Juliet Hooker, Professor of Political Science
Melvin L. Rogers, Associate professor of Political Science
Andre C. Willis, Associate Professor of Religious Studies

Bonnie H. Honig, Nancy Duke Lewis Professor of Modern Culture and Media and Political Science

For details & video



Bonnie H. Honig is Nancy Duke Lewis Professor of Modern Culture and Media (MCM) and Political Science at Brown University, and (by courtesy) religious studies (RS) and theater and performance studies (TAPS). She is author of Political Theory and the Displacement of Politics (Cornell, 1993), Democracy and the Foreigner (Princeton, 2001), Emergency Politics: Paradox, Law, Democracy (Princeton, 2009), Antigone, Interrupted. (Cambridge University Press, 2013) and Public Things: Democracy in Disrepair (Fordham, 2017). She has twice served as discussant on Tanner Lectures and has two new books forthcoming this spring: A Feminist Theory of Refusal (Harvard, 2021) and Shellshocked: Feminist Criticism After Trump (Fordham 2021). In 2017-18 she served as the Inaugural Cranor Phi Beta Kappa Scholar, and she is currently an affiliate of the Digital Democracy Group at Simon Fraser University and the American Bar Foundation in Chicago.


Juliet Hooker is professor of political science. She is a political theorist specializing in racial justice, Latin American political thought, Black political thought, and Afro-descendant and Indigenous politics in Latin America. She is the author of Race and the Politics of Solidarity (Oxford University Press, 2009) and Theorizing Race in the Americas: Douglass, Sarmiento, Du Bois, and Vasconcelos (Oxford University Press, 2017), which was a recipient of the American Political Science Association’s 2018 Ralph Bunche Book Award for the best work in ethnic and cultural pluralism and the 2018 Best Book Award of the Race, Ethnicity, and Politics Section of the American Political Science Association. She is currently working on a book project entitled, Black Grief/White Grievance, that explores the role of loss in contemporary racial politics in the United States. Prof. Hooker has been the recipient of fellowships and awards from the National Endowment for the Humanities, the Woodrow Wilson International Center for Scholars, the DuBois Institute for African American Research at Harvard, and the Advanced Research Collaborative at the Graduate Center of the City University of New York.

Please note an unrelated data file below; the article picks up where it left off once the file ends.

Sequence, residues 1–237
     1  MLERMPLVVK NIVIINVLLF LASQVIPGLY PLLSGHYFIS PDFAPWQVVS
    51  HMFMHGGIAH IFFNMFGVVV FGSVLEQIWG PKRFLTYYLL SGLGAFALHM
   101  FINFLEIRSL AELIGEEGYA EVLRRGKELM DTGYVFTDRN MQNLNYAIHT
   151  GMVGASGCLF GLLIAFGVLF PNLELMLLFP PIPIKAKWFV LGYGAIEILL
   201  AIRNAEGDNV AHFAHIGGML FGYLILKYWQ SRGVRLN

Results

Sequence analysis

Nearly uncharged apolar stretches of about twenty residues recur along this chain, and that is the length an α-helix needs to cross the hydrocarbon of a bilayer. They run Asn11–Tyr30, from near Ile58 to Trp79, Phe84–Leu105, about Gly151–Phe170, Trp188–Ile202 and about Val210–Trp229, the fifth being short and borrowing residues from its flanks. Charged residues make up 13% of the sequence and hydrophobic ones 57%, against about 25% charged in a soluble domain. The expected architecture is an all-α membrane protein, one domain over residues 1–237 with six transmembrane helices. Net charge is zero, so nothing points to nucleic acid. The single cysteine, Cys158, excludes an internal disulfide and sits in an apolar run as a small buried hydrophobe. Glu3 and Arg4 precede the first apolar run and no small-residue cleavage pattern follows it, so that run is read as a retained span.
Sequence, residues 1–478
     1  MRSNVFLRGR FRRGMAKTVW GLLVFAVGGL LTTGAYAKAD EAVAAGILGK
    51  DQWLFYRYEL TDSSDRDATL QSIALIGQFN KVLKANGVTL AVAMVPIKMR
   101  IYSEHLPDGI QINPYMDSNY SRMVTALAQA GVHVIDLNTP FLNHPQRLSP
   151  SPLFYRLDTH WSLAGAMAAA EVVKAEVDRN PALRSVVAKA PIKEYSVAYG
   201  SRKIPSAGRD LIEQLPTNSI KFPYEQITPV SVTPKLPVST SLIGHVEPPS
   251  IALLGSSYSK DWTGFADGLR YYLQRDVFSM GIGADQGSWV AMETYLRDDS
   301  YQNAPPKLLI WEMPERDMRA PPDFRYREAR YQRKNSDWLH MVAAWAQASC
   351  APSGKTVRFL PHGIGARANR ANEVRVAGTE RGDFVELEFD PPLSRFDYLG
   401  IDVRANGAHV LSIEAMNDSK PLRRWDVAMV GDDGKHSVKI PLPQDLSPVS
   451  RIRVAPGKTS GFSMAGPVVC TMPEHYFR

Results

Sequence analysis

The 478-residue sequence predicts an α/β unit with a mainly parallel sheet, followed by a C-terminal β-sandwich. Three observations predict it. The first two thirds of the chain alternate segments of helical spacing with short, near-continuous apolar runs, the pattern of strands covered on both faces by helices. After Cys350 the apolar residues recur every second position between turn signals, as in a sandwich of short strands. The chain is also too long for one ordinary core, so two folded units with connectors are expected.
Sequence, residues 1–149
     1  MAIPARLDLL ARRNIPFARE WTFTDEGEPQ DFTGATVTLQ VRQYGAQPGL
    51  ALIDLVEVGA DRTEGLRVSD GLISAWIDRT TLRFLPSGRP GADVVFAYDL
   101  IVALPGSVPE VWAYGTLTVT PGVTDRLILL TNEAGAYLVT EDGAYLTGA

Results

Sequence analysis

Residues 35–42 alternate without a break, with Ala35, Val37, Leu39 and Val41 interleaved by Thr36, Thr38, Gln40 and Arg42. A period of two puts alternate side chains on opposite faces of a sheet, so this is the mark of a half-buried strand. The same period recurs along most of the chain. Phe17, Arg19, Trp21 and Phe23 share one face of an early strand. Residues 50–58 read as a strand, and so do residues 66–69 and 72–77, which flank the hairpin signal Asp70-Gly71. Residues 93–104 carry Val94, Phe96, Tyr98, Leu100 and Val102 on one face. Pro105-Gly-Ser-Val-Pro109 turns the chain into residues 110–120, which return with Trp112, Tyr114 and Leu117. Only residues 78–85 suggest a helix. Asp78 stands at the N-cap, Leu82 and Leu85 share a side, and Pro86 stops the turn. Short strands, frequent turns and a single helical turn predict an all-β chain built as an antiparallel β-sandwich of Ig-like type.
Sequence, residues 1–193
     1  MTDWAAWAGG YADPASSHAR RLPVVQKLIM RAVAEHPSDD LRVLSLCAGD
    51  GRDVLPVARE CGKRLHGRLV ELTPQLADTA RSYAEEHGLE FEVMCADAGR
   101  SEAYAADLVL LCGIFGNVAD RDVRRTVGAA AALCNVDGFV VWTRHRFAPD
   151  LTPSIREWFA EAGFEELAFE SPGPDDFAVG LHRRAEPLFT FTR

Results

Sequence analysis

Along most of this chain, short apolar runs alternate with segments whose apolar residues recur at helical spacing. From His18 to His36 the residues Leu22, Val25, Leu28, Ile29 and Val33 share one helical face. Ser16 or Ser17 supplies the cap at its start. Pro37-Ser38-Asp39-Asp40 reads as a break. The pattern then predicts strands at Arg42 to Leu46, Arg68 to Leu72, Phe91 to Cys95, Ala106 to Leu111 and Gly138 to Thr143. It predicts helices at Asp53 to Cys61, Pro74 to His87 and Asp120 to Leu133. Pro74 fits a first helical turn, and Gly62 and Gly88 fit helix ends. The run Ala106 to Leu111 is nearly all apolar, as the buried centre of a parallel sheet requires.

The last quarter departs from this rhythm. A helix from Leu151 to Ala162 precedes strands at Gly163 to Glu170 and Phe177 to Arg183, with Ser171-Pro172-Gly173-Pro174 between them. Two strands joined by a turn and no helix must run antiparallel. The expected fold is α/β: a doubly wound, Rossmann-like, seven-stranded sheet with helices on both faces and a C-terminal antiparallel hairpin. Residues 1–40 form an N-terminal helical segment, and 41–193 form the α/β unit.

Melvin L. Rogers is associate professor of political science, with wide-ranging interests located largely within contemporary democratic theory and the history of American and African American political and ethical philosophy. He is the author of The Undiscovered Dewey: Religion, Morality, and the Ethos of Democracy (Columbia University Press, 2008), editor of John Dewey, The Public and Its Problems (Ohio University Press, 2016), co-editor of African American Political Thought: A Collected History forthcoming from the University of Chicago January 2021, and is completing a book for Princeton University Press entitled The Darkened Light of Faith: Race, Democracy, and Freedom in African American Political Thought.

Andre C. Willis is an associate professor of religious studies at Brown University. He is a philosopher of religion whose work focuses on Enlightenment reflections on religion, African American religious thought, critical theory, and democratic citizenship as it relates to ‘religious’ notions of hope, recognition, and belonging. Willis earned a B.A. at Yale in philosophy and his M.A. and Ph. D. at Harvard in the Committee on the Study of Religion. He is the author of Towards a Humean True Religion (2015) and is currently working on a manuscript about African American religion and politics, Afro-theisms and post-democracy. He has published articles in international journals such as Hume Studies, The Journal of Scottish Philosophy, Political Theology, Critical Philosophy of Race, and Radical America.